A major economic development project in Lansing took an important step today.

About 750 Pfizer employees in Kalamazoo are going to have a new boss.

Pfizer announced today it's spinning its “animal health” division off into its own company.

The new company’s name will be Zoetis. An odd, though appropriate name for the company. The Z-O in Zoetis is supposed to stand for ZOO, or zoetic, which means "pertaining to life".

Pfizer’s animal health division is a major employer in Kalamazoo. Damien Conover expects that will stay the same under the new company. Conover is an analyst with Morningstar Financial.

“There’s probably going to be some consolidation with the new business,” says Conover,  “but for the most part I’m not anticipating a big shakeup of the business.”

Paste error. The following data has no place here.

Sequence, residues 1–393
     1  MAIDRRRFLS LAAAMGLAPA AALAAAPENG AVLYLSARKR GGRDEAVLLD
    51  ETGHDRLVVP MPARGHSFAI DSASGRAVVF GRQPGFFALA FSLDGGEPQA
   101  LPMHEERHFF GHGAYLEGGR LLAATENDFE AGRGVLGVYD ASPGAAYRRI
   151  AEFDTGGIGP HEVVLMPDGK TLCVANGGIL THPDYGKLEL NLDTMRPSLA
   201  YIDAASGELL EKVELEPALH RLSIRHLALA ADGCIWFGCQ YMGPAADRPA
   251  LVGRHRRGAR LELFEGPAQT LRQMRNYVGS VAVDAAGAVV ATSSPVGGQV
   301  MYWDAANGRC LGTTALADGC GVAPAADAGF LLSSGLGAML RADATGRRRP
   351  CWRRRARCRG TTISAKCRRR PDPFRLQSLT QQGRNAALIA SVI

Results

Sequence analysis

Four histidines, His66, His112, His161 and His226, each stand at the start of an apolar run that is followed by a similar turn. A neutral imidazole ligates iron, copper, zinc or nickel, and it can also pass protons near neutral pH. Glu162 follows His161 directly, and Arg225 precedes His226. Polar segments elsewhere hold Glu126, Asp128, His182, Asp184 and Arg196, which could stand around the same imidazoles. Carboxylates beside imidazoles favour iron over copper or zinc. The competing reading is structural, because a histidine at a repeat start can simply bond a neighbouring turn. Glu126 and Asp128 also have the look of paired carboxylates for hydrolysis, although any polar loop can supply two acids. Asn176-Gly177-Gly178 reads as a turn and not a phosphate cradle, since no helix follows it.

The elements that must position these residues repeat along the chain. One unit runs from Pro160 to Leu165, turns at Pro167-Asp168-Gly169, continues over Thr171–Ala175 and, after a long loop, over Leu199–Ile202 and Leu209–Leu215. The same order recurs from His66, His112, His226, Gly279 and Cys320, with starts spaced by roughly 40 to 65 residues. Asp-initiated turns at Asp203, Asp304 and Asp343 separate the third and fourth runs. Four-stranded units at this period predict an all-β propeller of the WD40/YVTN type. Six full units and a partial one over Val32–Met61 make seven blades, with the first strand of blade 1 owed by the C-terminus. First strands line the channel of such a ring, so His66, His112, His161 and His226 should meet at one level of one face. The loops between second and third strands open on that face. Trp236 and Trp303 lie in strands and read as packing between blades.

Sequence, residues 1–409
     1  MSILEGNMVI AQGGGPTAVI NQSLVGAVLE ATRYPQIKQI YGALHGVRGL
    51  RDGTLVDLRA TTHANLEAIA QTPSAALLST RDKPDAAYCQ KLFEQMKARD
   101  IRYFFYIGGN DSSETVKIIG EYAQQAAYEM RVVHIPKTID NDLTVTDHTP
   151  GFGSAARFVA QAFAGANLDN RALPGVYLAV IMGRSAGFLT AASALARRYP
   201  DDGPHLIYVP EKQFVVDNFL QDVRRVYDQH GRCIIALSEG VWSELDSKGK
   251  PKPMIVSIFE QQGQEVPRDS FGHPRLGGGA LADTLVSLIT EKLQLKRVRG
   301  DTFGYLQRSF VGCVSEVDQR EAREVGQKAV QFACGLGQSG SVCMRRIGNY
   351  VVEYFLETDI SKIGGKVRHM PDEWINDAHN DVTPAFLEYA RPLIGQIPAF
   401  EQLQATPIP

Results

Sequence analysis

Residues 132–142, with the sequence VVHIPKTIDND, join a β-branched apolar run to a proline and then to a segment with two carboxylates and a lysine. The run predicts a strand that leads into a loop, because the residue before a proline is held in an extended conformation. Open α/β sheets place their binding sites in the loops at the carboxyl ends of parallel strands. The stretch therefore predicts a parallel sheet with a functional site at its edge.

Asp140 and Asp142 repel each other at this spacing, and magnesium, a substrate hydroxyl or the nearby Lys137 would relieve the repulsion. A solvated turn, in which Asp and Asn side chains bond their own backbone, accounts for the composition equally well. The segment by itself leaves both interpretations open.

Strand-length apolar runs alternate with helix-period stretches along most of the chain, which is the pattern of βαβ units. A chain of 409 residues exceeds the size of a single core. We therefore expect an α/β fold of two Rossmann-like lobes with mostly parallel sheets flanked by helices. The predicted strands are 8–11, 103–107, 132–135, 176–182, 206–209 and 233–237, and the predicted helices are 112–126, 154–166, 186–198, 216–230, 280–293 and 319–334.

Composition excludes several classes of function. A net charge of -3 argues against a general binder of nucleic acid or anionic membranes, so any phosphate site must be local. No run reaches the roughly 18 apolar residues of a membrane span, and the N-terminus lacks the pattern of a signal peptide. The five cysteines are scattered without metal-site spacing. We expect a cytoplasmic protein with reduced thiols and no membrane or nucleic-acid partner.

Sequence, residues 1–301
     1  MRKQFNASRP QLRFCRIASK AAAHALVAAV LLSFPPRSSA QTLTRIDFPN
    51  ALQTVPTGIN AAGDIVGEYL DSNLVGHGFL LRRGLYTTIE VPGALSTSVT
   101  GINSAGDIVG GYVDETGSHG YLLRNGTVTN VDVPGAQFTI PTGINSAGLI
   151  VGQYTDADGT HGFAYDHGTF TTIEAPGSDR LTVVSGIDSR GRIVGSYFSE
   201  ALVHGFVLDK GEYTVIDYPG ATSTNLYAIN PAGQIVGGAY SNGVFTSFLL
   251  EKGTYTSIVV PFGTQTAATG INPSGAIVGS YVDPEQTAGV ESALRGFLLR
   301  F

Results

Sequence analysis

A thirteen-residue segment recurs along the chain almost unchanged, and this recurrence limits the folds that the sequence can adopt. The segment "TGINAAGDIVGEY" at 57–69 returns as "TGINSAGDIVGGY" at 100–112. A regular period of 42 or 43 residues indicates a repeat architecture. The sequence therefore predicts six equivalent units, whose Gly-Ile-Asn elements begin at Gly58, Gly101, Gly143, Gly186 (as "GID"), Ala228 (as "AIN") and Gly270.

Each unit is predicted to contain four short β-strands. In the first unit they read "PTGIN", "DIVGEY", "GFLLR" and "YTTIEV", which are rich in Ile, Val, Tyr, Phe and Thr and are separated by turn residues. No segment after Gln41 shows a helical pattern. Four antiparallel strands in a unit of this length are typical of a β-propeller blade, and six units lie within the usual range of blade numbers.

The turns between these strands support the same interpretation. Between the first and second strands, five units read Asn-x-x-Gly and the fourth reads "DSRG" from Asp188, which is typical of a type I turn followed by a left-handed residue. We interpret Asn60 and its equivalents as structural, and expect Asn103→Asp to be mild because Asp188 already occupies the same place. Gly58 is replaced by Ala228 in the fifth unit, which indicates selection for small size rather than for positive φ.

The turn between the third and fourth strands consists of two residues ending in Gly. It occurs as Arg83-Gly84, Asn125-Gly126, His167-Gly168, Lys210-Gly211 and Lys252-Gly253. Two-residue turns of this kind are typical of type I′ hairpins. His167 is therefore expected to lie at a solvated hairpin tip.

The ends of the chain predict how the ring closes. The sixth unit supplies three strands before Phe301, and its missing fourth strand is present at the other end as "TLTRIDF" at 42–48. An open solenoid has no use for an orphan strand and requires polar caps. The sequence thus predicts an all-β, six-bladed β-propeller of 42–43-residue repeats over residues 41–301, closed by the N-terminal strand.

Conover expects Zoetis will be worth more than eleven billion dollars. That would make it the largest stand-alone company focused on animal pharmaceuticals in the world.

Steve Carmody / Michigan Radio

Tea Party activists say they are encouraged by the results of this week’s recall election in Wisconsin.       They say Wisconsin Governor Scott Walker's victory will also bring change to Michigan.

State Democratic and Republican party leaders continue to fight over the recent party switch by a Michigan state representative.

State Democratic Party chairman Mark Brewer delivered a letter today to State House Speaker Jase Bolger’s Kalamazoo office demanding he reveal more about his role in the party switch of state representative Roy Schmidt.

(courtesy of snakesayan.blogspot.com)